I do not very much care to which of these attention is given, but probably botany is the one which it is most convenient to teach in most places.

If from circumstances physiology or, indeed, any study which trains the observing faculties, was more convenient than botany, I have nothing to say against it.

Systematic botany has the advantage of being entirely independent of other sciences and requiring no previous knowledge for its successful study. In this we find its great advantage for young students. But if we attempt with slightly older pupils to present the study more logically and with more completeuess, and to give along with the description of the floral structures even the briefest account of their uses and functions, we at once find ourselves again dependent upon physics and chemistry. More than ever are we impressed with the fact that all science is one, for in spite of the differences in character and aims existing between the works of the schools and colleges, the necessary limitations of the former and boasted liberality of the latter, it is evident that the most humble primary-school course, if conducted in a genuine scientific spirit, illustrates the mutual dependence of all branches of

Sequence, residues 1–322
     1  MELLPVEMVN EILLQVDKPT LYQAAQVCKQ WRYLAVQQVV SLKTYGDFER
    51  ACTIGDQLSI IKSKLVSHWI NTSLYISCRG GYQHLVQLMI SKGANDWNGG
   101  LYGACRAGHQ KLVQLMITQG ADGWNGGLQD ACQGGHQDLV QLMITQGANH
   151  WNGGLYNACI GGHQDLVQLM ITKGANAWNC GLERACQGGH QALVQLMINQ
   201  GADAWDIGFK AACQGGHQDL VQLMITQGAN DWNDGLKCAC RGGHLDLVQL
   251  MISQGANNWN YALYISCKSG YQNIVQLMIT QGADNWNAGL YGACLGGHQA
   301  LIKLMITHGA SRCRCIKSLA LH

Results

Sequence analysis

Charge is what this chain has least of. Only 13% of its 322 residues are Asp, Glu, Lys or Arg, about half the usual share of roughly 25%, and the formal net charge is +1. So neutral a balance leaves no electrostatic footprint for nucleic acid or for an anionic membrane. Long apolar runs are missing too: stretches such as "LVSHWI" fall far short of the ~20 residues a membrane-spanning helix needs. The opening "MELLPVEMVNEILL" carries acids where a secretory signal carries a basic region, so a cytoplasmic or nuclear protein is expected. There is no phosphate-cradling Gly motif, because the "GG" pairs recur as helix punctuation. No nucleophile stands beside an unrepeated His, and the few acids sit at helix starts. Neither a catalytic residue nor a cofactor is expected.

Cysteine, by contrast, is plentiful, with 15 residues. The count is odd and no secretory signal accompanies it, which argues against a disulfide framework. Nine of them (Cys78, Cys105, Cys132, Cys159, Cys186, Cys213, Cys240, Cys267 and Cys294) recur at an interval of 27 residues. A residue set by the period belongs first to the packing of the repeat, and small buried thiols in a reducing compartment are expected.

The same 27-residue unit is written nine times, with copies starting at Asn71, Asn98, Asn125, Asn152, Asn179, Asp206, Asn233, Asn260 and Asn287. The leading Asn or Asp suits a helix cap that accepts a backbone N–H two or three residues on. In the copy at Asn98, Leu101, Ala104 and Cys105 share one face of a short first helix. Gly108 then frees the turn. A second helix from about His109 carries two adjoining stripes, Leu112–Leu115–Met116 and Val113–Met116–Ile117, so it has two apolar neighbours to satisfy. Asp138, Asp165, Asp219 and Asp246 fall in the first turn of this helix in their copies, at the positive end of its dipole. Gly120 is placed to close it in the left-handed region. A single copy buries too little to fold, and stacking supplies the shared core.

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* Quoted in “Culture Demanded by Modern Life," Youmans. D. Appleton & Co. 1889.

Fortnightly Review, N. 8., vol. 22, 1877, p. 170.